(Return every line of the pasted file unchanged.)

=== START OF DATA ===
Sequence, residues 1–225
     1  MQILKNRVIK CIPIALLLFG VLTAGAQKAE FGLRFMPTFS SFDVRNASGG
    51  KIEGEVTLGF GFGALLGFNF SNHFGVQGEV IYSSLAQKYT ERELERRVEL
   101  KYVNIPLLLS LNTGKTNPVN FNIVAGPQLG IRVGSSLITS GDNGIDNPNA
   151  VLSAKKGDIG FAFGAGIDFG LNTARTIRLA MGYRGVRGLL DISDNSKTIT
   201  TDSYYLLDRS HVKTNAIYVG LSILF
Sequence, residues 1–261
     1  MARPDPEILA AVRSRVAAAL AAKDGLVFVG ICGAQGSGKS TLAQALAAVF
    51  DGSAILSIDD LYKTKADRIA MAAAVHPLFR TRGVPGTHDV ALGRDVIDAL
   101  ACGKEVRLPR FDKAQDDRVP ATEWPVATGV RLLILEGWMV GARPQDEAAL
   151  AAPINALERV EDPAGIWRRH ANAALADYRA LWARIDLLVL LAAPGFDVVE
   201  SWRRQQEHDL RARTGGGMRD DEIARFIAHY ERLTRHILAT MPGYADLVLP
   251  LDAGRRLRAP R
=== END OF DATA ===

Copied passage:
Sequence, residues 1–225
     1  MQILKNRVIK CIPIALLLFG VLTAGAQKAE FGLRFMPTFS SFDVRNASGG
    51  KIEGEVTLGF GFGALLGFNF SNHFGVQGEV IYSSLAQKYT ERELERRVEL
   101  KYVNIPLLLS LNTGKTNPVN FNIVAGPQLG IRVGSSLITS GDNGIDNPNA
   151  VLSAKKGDIG FAFGAGIDFG LNTARTIRLA MGYRGVRGLL DISDNSKTIT
   201  TDSYYLLDRS HVKTNAIYVG LSILF
Sequence, residues 1–261
     1  MARPDPEILA AVRSRVAAAL AAKDGLVFVG ICGAQGSGKS TLAQALAAVF
    51  DGSAILSIDD LYKTKADRIA MAAAVHPLFR TRGVPGTHDV ALGRDVIDAL
   101  ACGKEVRLPR FDKAQDDRVP ATEWPVATGV RLLILEGWMV GARPQDEAAL
   151  AAPINALERV EDPAGIWRRH ANAALADYRA LWARIDLLVL LAAPGFDVVE
   201  SWRRQQEHDL RARTGGGMRD DEIARFIAHY ERLTRHILAT MPGYADLVLP
   251  LDAGRRLRAP R